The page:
Nottingham’s own Daniel Hoffman-Gill’s intimate play takes the audience on an emotional rollercoaster, either laughing or crying with no in-between. From moments of extreme emotional intensity to childish dinosaur impressions. Issues of disability, friendship and loss come to dominate the play through Hoffman-Gill’s sincere dialogue which is brilliantly brought to life by an outstanding cast.
The play tells the story of a group of men, all ranging in age, ability and personality, living in the Somerville hostel in Nottingham. Wayne, one of the residents, is preparing to leave to move into a flat of his own. His impending departure inspires his friends to conjure up a surprise for him before he leaves, which results in a small leaving party brimming with Bonnie Tyler and Viking helmets. Along the way the audience glimpses into the lives of the characters who live in the home, especially Big Dave (excellently played by Tim Baggaley) and Kirky (again also brilliantly played by Dominic Grove) who come to dominate the play with their larger than life personalities.
“What prevails through the script, direction and acting is the bond that all these men share”
It becomes obvious to the audience through Hoffman-Gill’s dialogue that the play’s main theme is of disability, with all the characters being disabled in some way or another. This play could not come at a better time where financial support for disabled people is beginning to decrease under austerity measures, which is something that the play sharply addresses by calling it a “war on special needs”. The cast are amazing in normalizing disability that you almost forget that each character has some form of disability. What prevails through the script, direction and acting is the bond that all these men share.
The entire play is set out in one room, which at first could seem claustrophobic, but the cast and creative team do a fantastic job in bringing so much life into this one little and very plain living room with a wallpaper of a beautiful beach. They do such a fantastic job that it seems implausible that the play could be set anywhere else. The simplicity in setting allows for the audience to not be distracted from both the theme of play and Hoffman-Gill’s simplistic but enigmatic script.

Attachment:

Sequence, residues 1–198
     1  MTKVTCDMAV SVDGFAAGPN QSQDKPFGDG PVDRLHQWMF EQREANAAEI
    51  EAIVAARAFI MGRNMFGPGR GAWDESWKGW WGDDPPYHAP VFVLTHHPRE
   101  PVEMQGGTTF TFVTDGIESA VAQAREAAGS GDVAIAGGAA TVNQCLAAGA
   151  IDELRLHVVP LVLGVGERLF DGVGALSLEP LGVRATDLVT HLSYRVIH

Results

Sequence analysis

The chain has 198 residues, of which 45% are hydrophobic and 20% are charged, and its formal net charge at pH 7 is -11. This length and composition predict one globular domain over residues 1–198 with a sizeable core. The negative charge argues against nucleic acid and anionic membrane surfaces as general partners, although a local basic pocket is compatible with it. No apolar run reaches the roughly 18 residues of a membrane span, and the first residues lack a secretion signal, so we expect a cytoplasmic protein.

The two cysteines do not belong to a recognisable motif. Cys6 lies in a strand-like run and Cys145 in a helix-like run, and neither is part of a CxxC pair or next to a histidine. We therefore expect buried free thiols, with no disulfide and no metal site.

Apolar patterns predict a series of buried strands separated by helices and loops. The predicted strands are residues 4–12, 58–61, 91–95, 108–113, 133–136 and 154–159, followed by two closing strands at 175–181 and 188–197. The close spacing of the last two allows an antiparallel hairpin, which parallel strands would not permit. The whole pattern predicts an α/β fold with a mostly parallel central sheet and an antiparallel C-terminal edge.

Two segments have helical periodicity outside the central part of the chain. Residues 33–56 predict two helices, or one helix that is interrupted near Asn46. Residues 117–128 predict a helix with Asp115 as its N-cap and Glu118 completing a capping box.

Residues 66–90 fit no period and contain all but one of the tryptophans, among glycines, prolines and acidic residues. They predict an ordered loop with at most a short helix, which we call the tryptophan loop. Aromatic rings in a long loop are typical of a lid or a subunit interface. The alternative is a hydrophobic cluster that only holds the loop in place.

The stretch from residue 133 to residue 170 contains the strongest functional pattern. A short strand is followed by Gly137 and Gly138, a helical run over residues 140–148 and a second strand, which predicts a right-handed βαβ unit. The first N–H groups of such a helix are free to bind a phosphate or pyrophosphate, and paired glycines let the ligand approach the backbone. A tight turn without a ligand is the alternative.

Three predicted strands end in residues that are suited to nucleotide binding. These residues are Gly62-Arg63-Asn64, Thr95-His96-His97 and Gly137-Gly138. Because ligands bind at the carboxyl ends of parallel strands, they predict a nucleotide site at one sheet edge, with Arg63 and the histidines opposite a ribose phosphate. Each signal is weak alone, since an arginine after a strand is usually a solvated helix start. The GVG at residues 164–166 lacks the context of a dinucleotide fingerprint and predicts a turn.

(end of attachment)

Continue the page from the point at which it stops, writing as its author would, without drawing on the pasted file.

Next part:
“The ending comes as a surprise to the audience, however, it achieves what no other conventional ending does”
Of all the characters in a small ensemble cast it is obvious that the story is mainly centred on Big Dave and Kirky. One weakness of the play is that these two characters are so larger than life that they can drown out the other characters at certain points of the play.
The ending of the play is what stands out, as the characters’ seemingly simple conversation about crap music culminates into a conversation about the character Sarah’s role at a hospital radio, where she proclaims that no songs are rubbish and that “sometimes the clichéd rubbish works”. The play finishes with no dialogue but with the cast singing R. E.M’s ‘Losing My Religion’, after Big Dave reveals that is the song he chose to listen to after the death of his young son. The ending comes as a surprise to the audience, however, it achieves what no other conventional ending does and is sure to have anyone in tears.
‘Kings’ is running at the Nottingham Playhouse until Saturday 30th April. for more information see here